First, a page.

As one of any number of shows whose filming has been put on hold due to the coronavirus epidemic, Hulu has now confirmed that the fourth season of their adaptation of Margaret Atwood’s classic dystopian novel The Handmaid’s Tale, originally scheduled for release this autumn, will not air until 2021.
Per its lead Elisabeth Moss, who will be gracing the director’s chair during the fourth season, filming had barely started before production had to be halted, and they “didn’t get a lot in the can”.
Moss added “We were only two weeks in, so we actually have an entire season to shoot…we want to go back to work because families have people to support and rent they need to pay, but at the same time no human’s life is worth a TV show. We’re just trying to figure out how to do it safely for everybody.”
The Handmaid’s Tale has been one of Hulu’s best-regarded original productions, being the first show on a streaming service to win an Emmy for Outstanding Series – this being just one of eleven Emmys the show has won overall. And despite the hiatus, season four is unlikely to be its last, particularly given the 2019 release of Atwood’s book The Testaments, a sequel to the original, giving the show further source material to draw upon. Executive producer Warren Littlefield has previously stated “I can honestly say to you, we don’t have a definitive out…but I think we want to keep the bar high, and it would not be a bad thing to leave the audience wanting more and and and then we could ideally shift into The Testaments.”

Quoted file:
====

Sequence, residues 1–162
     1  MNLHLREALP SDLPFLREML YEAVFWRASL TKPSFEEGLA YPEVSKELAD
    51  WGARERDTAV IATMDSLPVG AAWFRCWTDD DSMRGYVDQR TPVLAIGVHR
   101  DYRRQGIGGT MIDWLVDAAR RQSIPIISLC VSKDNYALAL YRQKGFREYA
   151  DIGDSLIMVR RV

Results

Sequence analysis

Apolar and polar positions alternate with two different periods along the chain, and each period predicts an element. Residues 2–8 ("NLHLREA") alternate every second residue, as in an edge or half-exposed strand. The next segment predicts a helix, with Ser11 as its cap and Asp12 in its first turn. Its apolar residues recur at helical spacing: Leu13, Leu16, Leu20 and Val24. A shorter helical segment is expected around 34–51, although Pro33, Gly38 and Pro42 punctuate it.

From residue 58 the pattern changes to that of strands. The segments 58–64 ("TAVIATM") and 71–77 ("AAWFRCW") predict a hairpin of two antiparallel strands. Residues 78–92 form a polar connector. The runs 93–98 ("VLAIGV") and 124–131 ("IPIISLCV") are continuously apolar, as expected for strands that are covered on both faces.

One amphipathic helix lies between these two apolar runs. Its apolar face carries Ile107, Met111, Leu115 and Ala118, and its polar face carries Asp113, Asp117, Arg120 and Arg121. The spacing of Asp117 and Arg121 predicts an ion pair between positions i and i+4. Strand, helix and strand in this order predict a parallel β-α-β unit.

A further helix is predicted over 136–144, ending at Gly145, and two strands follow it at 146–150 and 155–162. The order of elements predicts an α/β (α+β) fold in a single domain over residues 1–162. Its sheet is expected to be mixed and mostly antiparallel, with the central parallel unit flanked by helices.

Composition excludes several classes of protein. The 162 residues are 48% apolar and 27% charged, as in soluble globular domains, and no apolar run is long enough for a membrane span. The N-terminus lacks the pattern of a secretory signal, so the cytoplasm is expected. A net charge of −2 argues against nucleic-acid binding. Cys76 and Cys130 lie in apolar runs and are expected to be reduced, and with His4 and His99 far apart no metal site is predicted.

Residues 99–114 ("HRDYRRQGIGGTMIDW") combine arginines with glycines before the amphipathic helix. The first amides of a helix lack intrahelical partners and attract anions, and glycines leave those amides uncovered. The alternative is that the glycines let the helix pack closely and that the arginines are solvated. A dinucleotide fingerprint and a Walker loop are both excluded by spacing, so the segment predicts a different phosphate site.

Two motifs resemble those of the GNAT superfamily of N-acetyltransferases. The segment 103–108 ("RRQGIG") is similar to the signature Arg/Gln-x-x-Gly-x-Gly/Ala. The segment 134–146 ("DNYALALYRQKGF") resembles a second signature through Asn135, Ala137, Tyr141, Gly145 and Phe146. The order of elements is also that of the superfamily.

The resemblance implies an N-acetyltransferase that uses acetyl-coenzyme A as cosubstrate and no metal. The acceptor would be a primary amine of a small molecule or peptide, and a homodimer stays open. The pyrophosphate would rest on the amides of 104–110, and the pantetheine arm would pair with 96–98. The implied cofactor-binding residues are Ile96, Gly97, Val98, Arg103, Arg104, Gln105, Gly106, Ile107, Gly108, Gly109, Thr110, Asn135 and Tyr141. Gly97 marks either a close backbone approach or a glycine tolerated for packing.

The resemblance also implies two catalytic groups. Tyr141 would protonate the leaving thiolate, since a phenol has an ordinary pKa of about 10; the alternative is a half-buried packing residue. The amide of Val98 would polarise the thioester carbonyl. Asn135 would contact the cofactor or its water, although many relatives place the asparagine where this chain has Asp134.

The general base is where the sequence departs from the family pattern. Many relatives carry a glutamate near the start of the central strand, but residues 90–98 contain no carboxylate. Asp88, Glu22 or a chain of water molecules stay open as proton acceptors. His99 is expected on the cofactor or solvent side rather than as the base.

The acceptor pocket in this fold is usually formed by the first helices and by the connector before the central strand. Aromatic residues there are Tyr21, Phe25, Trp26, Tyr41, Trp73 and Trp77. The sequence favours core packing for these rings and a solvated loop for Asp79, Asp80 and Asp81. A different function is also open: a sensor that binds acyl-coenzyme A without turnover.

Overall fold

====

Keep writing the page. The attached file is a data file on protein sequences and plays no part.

By contrast, showrunner Bruce Miller does have an end in mind somewhere on the horizon, saying “I don’t like TV shows that dribble off or overstay their welcome. When we get to the end of Handmaid’s Tale, I want it to be a beautiful piece of fiction, like the book, that you put a little bow around and you can put it on your shelf next to the book, and that it feels like a story well told from beginning to end.” Still, he’s speaking in very much the future tense, and it doesn’t seem as if he sees this happening any time soon.
The fourth season’s original autumn release date had already been something of a delay, with the first three seasons having premiered in the spring and summer months. Moss had previously discussed this with Digital Spy, saying “Part of the reason why it’s taken a little bit longer, besides just timing, is that we are making it a bit of a bigger season this year. We’re really stretching the limits of our capabilities, production wise, and we’re on the move a lot…we’re not sitting in a studio between four walls very much, so it really is a bigger season.”
This news came alongside Hulu’s announcement that their shows “The Dropout”, starring Kate McKinnon, and “Nine Perfect Strangers,” with Nicole Kidman and Melissa McCarthy, would also have their release dates pushed back to next year.
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